USGS Groundwater Information: Branch of Geophysics
As part of its applied research initiatives, the USGS Office of Ground Water, Branch of Geophysics (OGW BG) assists in the planning and collection of geophysical logs at the USGS Toxic Substances Hydrology Program's Naval Air Warfare Center (NAWC) research site in New Jersey, where volatile organic compounds have contaminated bedrock. This is an ongoing applied research project conducted in collaboration with other USGS Toxic Substances Hydrology Program scientists.
OGW BG applied geophysical logging research at NAWC is focused on the acquisition of comprehensive suites of standard and advanced borehole geophysical logs. The geophysical data are entered into a database accessible by USGS personnel involved in research at the NAWC site in order to support integrated, interdisciplinary research.
OGW BG has conducted a wide range of borehole geophysical surveys at the NAWC site since 2002.
Ongoing borehole geophysical logging has included standard logs such as caliper, electromagnetic (EM) induction, conductivity/resistivity, fluid resistivity, and fluid temperature. Data are used to aide in the development of the site conceptual framework, in the design of straddle-packer hydraulic tests, and in well completion.
Emphasis is being placed on integration of optical-televiewer (OTV), acoustic-televiewer (ATV), and heat-pulse flowmeter (HPFM) advanced logs with standard borehole logs using single-well and multi-well geophysical software. This integration allows for an improved, integrated analysis of all the logs. In this process, OGW BG scientists have worked to train USGS personnel from the New Jersey Water Science Center on techniques to acquire and analyze advanced logs.
Alton Anderson (USGS NY WSC) and John Williams (USGS OGW BG) prepare to conduct gamma spectral logging surveys at NAWC research site.
Additional work since 2002 has been directed toward obtaining estimates of formation porosity to support research on matrix diffusion and the application of borehole geophysical methods to support litho-typing of the gamma signatures used to develop the stratigraphic framework of the site. Logging methods used in these efforts include neutron, full waveform sonic, and spectral gamma as well as standard methods. Emphasis is being placed on logging of selected boreholes from which cores were extracted for laboratory physical property analysis. The information from these new and advanced tools is being used to identify and correlate unique lithologic signatures across fault boundaries and to correlate the geologic framework of the NAWC site to larger, basin-scale investigations.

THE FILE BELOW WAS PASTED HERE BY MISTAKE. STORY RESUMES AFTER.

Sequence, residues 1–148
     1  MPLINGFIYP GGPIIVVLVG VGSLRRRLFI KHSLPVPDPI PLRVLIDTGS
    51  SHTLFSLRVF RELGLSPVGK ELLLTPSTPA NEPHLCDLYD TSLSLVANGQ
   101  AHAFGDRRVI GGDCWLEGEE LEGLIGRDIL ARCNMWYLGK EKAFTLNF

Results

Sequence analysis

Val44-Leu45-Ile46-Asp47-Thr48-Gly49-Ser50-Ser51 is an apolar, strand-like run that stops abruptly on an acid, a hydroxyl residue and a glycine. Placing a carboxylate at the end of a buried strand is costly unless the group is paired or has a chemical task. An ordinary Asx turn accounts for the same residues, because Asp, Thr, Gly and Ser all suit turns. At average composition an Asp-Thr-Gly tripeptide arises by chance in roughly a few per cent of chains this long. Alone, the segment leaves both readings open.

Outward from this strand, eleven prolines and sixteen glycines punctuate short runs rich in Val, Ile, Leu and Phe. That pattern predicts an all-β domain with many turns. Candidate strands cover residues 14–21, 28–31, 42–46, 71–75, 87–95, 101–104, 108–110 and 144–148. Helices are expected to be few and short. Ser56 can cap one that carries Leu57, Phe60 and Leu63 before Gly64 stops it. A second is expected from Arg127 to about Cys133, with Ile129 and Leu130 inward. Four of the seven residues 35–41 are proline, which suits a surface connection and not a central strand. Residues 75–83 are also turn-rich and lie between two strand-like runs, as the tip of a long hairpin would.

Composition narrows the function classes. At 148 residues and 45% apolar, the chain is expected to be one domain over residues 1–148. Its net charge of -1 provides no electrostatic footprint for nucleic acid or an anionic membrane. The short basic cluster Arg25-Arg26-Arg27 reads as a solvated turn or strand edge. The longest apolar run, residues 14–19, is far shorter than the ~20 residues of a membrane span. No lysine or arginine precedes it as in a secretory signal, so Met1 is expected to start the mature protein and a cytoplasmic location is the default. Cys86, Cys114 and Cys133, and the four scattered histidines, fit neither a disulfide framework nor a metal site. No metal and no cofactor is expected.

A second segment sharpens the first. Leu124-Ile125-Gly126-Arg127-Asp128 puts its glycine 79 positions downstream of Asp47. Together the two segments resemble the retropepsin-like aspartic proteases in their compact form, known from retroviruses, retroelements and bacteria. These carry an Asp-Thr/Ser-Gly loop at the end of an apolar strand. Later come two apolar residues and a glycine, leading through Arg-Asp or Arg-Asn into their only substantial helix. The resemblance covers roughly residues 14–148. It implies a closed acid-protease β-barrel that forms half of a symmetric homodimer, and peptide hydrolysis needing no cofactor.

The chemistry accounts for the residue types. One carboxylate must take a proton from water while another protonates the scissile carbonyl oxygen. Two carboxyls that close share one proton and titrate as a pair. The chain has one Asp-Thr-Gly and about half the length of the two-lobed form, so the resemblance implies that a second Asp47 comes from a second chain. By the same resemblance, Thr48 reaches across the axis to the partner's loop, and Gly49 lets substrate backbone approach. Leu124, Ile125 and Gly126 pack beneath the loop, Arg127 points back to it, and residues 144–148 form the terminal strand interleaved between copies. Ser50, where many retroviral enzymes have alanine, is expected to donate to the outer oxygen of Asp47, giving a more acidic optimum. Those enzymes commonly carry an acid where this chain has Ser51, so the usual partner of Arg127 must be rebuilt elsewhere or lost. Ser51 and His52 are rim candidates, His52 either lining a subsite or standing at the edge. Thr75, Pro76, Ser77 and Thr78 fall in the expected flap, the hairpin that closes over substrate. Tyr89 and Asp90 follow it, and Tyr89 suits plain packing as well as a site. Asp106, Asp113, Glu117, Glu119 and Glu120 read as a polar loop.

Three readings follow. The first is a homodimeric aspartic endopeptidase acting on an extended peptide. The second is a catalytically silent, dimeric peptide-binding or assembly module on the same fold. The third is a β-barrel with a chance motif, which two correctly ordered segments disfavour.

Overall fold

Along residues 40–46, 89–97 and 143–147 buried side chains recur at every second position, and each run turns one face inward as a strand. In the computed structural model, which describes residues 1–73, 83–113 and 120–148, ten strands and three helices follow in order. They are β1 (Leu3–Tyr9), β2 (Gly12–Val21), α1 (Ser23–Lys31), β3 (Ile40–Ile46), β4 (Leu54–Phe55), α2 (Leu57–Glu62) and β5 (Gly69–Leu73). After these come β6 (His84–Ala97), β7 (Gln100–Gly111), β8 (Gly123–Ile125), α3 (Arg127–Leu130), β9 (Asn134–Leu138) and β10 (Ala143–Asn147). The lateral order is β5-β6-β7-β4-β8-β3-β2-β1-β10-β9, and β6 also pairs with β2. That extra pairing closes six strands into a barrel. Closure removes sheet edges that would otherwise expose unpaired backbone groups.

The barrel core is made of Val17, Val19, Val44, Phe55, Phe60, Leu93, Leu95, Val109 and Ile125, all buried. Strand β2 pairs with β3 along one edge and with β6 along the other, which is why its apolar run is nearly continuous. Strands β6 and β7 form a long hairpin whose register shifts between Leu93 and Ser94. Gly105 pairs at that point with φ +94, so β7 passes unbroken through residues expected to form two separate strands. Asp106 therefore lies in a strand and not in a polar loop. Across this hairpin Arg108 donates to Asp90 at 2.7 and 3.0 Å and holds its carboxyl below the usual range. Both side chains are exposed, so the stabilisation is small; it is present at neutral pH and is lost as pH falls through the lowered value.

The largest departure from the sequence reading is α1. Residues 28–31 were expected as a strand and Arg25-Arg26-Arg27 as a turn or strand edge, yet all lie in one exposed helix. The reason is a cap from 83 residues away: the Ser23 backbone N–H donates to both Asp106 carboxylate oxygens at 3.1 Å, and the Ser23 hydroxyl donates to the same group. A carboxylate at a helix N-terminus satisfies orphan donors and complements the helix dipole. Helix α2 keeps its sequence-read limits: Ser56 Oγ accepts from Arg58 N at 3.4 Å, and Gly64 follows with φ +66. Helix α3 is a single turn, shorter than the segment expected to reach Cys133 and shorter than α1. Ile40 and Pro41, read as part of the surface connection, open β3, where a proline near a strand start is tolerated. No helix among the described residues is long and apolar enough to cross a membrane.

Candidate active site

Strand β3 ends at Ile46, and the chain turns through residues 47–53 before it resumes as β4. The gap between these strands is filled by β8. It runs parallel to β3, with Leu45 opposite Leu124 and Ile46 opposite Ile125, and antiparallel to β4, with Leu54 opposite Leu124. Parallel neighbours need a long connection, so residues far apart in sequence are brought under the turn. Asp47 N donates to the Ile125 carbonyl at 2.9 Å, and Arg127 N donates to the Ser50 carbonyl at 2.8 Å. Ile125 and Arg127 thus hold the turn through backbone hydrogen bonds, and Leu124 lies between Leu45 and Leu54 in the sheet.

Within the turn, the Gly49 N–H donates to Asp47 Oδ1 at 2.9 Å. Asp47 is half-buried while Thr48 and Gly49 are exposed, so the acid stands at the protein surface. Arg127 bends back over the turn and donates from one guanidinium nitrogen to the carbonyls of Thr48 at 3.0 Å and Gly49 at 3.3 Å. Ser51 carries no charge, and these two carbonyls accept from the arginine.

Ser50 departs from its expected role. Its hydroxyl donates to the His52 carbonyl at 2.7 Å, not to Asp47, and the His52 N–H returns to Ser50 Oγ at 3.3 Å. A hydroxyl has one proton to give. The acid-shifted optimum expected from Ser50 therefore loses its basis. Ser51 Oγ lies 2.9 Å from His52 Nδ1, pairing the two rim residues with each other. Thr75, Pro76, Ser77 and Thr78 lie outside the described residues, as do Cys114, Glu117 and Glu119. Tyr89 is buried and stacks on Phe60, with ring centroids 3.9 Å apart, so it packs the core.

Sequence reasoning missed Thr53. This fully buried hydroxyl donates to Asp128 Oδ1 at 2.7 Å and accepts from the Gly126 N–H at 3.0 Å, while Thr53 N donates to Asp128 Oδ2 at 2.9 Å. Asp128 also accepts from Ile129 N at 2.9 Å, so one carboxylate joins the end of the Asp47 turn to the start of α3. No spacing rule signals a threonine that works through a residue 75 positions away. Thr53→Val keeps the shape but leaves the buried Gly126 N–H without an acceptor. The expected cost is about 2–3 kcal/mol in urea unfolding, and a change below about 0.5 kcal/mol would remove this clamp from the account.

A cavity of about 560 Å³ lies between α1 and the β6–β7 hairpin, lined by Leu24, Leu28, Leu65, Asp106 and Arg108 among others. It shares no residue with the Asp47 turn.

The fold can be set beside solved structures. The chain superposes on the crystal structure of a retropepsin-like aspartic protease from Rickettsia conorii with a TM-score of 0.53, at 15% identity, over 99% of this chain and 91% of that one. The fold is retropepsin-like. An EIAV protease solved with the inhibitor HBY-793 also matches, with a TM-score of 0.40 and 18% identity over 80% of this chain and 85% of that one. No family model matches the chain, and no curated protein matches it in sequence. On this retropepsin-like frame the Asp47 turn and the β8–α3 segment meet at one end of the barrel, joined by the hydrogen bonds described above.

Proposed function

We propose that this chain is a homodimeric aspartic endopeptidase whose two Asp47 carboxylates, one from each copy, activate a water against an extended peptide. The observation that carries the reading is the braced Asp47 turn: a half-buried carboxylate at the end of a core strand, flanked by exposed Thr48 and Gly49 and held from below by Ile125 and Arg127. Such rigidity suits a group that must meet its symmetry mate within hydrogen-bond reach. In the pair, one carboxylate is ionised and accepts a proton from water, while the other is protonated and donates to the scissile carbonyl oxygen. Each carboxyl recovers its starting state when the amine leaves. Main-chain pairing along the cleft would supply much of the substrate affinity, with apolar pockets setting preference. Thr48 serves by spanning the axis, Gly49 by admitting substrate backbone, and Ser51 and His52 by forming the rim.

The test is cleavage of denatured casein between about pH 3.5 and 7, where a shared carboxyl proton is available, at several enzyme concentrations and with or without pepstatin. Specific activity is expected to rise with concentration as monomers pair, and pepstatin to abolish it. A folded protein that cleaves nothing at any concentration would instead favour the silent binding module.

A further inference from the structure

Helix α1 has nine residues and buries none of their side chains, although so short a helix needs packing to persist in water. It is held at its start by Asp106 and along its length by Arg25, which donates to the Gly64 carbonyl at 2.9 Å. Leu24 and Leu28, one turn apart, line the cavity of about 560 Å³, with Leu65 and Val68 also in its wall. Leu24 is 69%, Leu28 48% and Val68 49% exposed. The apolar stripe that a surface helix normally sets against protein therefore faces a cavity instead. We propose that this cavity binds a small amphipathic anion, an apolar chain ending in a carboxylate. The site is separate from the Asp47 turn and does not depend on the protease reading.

Neutron logging of selected wells at the site in 2002 was conducted in collaboration with the USGS Borehole Geophysics Research Project.
Flowmeters were used to collect vertical flow profiles under ambient and stressed (pumped) conditions. The profiles indicate where water enters and exits the borehole. These flowmeter profiles, along with open-hole water-level data, were analyzed to determine the location, transmissivity, and head of discrete fractures, fracture zones, or bedding planes. These tests were conducted prior to installation of permanent or temporary well completions at NAWC. The results were used in the characterization of contaminant distribution and in the design of well completions and groundwater sampling plans.
Cross-borehole flow tests were completed at the NAWC study area in 2005 to 2007 to provide insights into hydraulic connections in fractured and dipping mudstone and sandstone bedrock at the site. The combined use of cross-hole flowmeter logging and water-level monitoring proved to be crucial for characterizing hydraulics and fracture network connectivity in the contaminated fractured bedrock aquifer.
Applied borehole geophysical research at NAWC is ongoing. Initial results and conclusions include the following:
This research was funded by the USGS Toxic Substances Hydrology Program.
Williams, J.H., Lacombe, P.J., Johnson, C.D., and Paillet, F.L., 2007, Cross-borehole flow tests and insights into hydraulic connections in fractured mudstone and sandstone, in Symposium on the Application of Geophysics to Engineering and Environmental Problems, April 1-5, 2007, Denver, Colorado, Proceedings 2007: Denver, Colorado, Environmental and Engineering Geophysical Society, CD-ROM, p. 1140-1152.
Johnson, C.D., and Williams, J.H., 2006, Use of cross-hole flowmeter logging to characterize fracture connectivity and fracture flow during a pumping test at the NAWC site, West Trenton, New Jersey [abs.]: Geological Society of America Abstracts with Programs, v. 38, no. 7, p. 528, Paper no. 219-10.
Johnson, C.D., Williams, J.H., and Anderson, J.A., 2007, Use of single- and cross-hole flowmeter logging for investigations in contaminated fractured-rock aquifers [abs.]: Proceedings of the Northeast Section Annual Meeting, Durham, New Hampshire, March 12-14, 2007, Geological Society of America.
For more information on this project, please contact John W. Lane, Jr. (Chief, USGS OGW Branch of Geophysics) or Carole Johnson (Hydrologist, USGS OGW Branch of Geophysics), or call the Branch of Geophysics at (860)487-7402.